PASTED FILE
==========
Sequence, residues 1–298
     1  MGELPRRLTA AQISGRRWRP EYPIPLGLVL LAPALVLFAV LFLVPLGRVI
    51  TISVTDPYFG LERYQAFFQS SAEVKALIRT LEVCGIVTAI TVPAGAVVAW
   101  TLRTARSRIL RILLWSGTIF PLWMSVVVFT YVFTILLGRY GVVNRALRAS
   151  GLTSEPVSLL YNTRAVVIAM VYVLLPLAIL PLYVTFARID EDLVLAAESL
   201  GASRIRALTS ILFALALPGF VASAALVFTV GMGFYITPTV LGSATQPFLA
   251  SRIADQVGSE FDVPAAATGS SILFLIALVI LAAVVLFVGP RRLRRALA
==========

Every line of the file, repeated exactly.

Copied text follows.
Sequence, residues 1–298
     1  MGELPRRLTA AQISGRRWRP EYPIPLGLVL LAPALVLFAV LFLVPLGRVI
    51  TISVTDPYFG LERYQAFFQS SAEVKALIRT LEVCGIVTAI TVPAGAVVAW
   101  TLRTARSRIL RILLWSGTIF PLWMSVVVFT YVFTILLGRY GVVNRALRAS
   151  GLTSEPVSLL YNTRAVVIAM VYVLLPLAIL PLYVTFARID EDLVLAAESL
   201  GASRIRALTS ILFALALPGF VASAALVFTV GMGFYITPTV LGSATQPFLA
   251  SRIADQVGSE FDVPAAATGS SILFLIALVI LAAVVLFVGP RRLRRALA